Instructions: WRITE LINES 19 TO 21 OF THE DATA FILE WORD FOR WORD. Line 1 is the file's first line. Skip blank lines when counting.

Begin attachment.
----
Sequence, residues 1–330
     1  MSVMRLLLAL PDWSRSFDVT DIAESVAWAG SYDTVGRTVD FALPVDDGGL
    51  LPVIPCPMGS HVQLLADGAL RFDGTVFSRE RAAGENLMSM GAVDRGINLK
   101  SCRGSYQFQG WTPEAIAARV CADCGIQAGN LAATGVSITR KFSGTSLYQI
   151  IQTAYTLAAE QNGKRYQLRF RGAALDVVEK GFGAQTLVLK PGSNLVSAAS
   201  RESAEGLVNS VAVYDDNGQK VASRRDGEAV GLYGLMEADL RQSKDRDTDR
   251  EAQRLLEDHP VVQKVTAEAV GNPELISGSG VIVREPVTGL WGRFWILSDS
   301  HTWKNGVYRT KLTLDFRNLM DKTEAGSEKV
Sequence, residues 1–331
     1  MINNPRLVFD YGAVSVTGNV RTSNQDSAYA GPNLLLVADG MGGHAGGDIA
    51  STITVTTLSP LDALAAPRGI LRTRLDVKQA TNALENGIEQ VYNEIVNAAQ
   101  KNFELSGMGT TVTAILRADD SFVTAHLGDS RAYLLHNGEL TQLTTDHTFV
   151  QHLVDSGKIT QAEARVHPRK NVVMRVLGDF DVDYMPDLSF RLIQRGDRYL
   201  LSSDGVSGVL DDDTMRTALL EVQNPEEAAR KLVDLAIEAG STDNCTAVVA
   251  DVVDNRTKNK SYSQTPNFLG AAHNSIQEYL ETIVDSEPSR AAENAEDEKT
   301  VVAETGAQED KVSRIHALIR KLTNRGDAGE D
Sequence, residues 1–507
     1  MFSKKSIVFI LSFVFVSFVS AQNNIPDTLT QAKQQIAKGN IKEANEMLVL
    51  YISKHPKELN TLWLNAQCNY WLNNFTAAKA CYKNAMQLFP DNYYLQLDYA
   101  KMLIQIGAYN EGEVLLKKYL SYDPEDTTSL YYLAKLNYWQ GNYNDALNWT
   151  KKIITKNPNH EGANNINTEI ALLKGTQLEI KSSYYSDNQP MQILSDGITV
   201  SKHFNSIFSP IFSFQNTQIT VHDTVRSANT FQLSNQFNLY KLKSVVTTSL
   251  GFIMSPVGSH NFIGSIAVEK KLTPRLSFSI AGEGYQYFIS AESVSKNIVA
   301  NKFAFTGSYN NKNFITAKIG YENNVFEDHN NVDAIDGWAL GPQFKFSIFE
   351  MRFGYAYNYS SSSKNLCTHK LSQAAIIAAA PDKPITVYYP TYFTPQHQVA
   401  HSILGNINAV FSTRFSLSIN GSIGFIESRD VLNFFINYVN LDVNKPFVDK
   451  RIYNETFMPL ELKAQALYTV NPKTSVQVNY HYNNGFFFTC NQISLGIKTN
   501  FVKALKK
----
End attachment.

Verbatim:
    51  YISKHPKELN TLWLNAQCNY WLNNFTAAKA CYKNAMQLFP DNYYLQLDYA
   101  KMLIQIGAYN EGEVLLKKYL SYDPEDTTSL YYLAKLNYWQ GNYNDALNWT
   151  KKIITKNPNH EGANNINTEI ALLKGTQLEI KSSYYSDNQP MQILSDGITV